I walked through downtown Ecruteak in noon sunlight, my hair bright gold, my eyes like emeralds. The resplendant silk in which I was clothed shone like rippling, black water. The townspeople had been silent as I passed through. I didn't blame them—I felt as though, regardless of my façade, anyone could see no shadow walked behind me. It walked, instead, in place of me.
I knew my way around the town quite well, despite the lack of familiar places, and quickly made my way up the hill to the Asylum. The building was poorly lit, albeit gorgeously furnished, but I could see my way to the doctor's quarters.
I entered without a sound, having phased through the door, and observed the man as he shaved his face in the mirror. He noticed me nearby and twitched, cutting himself. My eyes flashed a mad gold as I tried to keep myself in check.
"I—you startled me, Sir," the blond began, chuckling nervously as he held his right palm to his jawline. "I didn't hear you enter...."
I continued to fluster at the scent of the wound. "Then I suppose your senses are not as acute as to be expected...." I glared at him, approaching him and offering a gloved handshake. "My name is Itoh, Keiji Itoh. I'm the one who contracted this place to be built."
He took my hand in his with apprehension. He could not shake the chill of my gaze. "I—I have heard much about your expenditures, Sir, but I haven't heard much of anything about you...."
"Before I tell you anything about me, I'd like to know your name, Doctor." A smirk curled the corner of my mouth.
His cobalt blue eyes lost their shine for a moment, as though he felt some sheer dread deep within him. "I—I'm Mortimer Rivelle...."
I leaned closer to him and held my left hand to his cheek, looking into his eyes. He tried to pull away from me, the tall, slender young man that he was, but failed to do so. "Yes, Morty Rivelle.... I am more than familiar with you, Sir...."
He swallowed hard. "N—now that you know who I am, would you tell me about yourself?"
"If you are such a wonderful psychiatrist, why not try to analyze me?" I grinned, my eyes glittering impishly.
This made him feel instantly as though he were about to step out onto a minefield. If he were to say the wrong thing and upset me, he could lose his job. However, this was a test to prove himself to me.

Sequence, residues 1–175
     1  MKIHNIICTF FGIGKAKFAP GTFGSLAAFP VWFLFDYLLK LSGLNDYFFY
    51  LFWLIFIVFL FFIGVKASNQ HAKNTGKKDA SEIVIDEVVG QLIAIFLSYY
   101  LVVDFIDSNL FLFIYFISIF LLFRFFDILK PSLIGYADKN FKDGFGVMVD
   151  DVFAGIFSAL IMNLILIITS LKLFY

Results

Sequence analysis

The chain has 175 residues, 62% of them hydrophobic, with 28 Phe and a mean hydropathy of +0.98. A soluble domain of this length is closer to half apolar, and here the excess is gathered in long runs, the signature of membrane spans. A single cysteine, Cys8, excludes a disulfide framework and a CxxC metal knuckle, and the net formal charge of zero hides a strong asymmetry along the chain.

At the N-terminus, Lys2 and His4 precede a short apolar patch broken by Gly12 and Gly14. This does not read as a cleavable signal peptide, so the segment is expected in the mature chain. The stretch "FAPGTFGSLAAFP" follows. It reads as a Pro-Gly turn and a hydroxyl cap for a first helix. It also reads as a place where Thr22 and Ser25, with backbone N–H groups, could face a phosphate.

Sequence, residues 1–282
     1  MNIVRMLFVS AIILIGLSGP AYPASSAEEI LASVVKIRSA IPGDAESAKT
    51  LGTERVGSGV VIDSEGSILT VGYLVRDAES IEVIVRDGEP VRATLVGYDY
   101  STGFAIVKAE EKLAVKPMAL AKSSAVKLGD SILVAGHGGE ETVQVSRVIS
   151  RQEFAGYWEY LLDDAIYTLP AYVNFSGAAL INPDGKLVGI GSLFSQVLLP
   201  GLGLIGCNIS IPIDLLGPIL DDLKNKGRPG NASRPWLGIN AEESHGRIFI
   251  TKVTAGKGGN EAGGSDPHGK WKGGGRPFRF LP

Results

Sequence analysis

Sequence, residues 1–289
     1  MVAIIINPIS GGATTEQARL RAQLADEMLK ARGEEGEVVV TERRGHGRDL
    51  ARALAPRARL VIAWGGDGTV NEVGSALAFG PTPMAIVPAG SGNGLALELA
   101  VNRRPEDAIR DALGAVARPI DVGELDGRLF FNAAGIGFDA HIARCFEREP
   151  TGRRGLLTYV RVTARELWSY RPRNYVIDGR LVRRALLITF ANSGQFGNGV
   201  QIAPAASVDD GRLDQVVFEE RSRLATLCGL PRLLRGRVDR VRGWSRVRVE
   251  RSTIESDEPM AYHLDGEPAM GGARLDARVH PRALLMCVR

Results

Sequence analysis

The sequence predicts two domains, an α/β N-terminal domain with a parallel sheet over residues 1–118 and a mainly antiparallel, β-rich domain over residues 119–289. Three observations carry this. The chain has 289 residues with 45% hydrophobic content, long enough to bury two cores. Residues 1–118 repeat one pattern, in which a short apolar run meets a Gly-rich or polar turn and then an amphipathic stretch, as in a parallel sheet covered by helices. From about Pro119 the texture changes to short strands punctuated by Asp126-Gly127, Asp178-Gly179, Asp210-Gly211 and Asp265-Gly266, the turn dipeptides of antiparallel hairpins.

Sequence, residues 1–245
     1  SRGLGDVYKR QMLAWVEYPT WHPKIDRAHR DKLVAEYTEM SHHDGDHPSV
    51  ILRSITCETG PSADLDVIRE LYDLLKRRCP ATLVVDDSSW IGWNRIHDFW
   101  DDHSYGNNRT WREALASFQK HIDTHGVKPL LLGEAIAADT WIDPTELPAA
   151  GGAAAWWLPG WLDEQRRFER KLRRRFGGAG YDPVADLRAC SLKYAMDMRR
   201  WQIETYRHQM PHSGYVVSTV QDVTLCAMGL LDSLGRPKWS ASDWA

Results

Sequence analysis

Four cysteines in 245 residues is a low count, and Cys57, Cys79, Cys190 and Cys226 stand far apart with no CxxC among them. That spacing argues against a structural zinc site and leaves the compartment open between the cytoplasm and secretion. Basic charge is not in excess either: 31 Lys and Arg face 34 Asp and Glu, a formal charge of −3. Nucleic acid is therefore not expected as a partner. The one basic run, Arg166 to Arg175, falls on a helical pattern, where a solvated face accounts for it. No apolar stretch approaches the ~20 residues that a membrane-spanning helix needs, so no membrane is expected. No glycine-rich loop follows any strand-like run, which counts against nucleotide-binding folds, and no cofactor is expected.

He swallowed hard, then proceeded nervously to his analysis. "You don't like to be shown up, and you yourself like to show off.... Y—your voice speaks volumes about your self-confidence and capability to dominate people."
I chuckled. "You really are an empath, arren' you?" I began quietly.
"What?" he echoed, confused and now increasingly worried.
"You'll make a wonderful doctor here, Rivelle. I'm looking forward to seeing the results of your work." Then I began to leave.
"I didn't say that I was finished with my analysis."
I stopped, but did not turn. "Hm?"
Again he swallowed hard, but was determined to get it out. "You're concealing yourself. You're hiding your true nature. .... Your name is not really Itoh, either, is it?"
I turned to him, now slightly offed by his audacity. "You're a brave one to admit your knowledge openly, Rivelle. It's not wise to brag to the Fearow that you're the one who's plucked his tail."
He stepped away from me in fright, seeing the look in my eyes. "Why are you here?" he uttered. "Why did you fund the construction of the asylum?"
"Is it so wrong for a sad and lonely man to desire companionship?"
It struck him then. "You see this place as a zoo, and the patients as the animals on display...!"
I smiled wickedly. "I have more reasons to have given the breath of life to this place than just my amusement...." Approaching him again, I removed rather harshly his hand from his jaw; I paused over his neck, smelling of the small wound for a moment before licking it clean with a pointed tongue. "I should think that I'd watch my step," I warned, letting out a low, throaty growl. The sight of his petrifaction calmed me, and I plucked the barber's knife from his hand gingerly, licking it clean as he stared at me in terror.
"Wh—who are you...? Who are you really?"
"Do you really want to know?" I grinned.
I chuckled, crossing my arms across my chest and closing my eyes in slight annoyance at his lack of backbone. I lazily opened all seven of the eyes in my head, my aureate gaze moving up from the floor to him. I giggled maniacally, my hair turning as black as the clothes I wore. "You won't be able to hide anything from me, Rivelle. I see everything that you do."
"Wh—what are you!?" he wailed, almost silently, as he backed himself up against the wall.
"So the question has turned from who to what?" I mused, licking my freshly-cut fangs. "What are you? You say that I'm the wolf in sheep's clothing, yet you yourself hide the truth of your being."
His eyes went wide in disgust of me. I merely chuckled at him.
"You really dunno who I am...." I closed my eyes again, opening them this time five less than before. "I think you're just in denial of being employed by a creature you both hate and fear."
He stammered, but said nothing, flustering.
"You may be an empath, Rivelle, but you have yet to prove to me that you have the gall to keep my pets in good health." Tossing the knife down at his commode such that the tip stuck itself in the wood, I approached him and took his right hand up in both of mine. "Do ensure my doubting mind that you will do your job well," I sang.
He nodded dumbly, unable to do much else in the wake of such revelations.
I let go of him and flicked my hair back over my shoulders, returning it to its previous golden tones. Then, a blink of my eyes left them their false green. I looked over my shoulder to him as I left him. "Remember, m'dear, that I will know every move you make. Step falsely and you'll end up on the other side of the doors you tend." Then I phased through the door.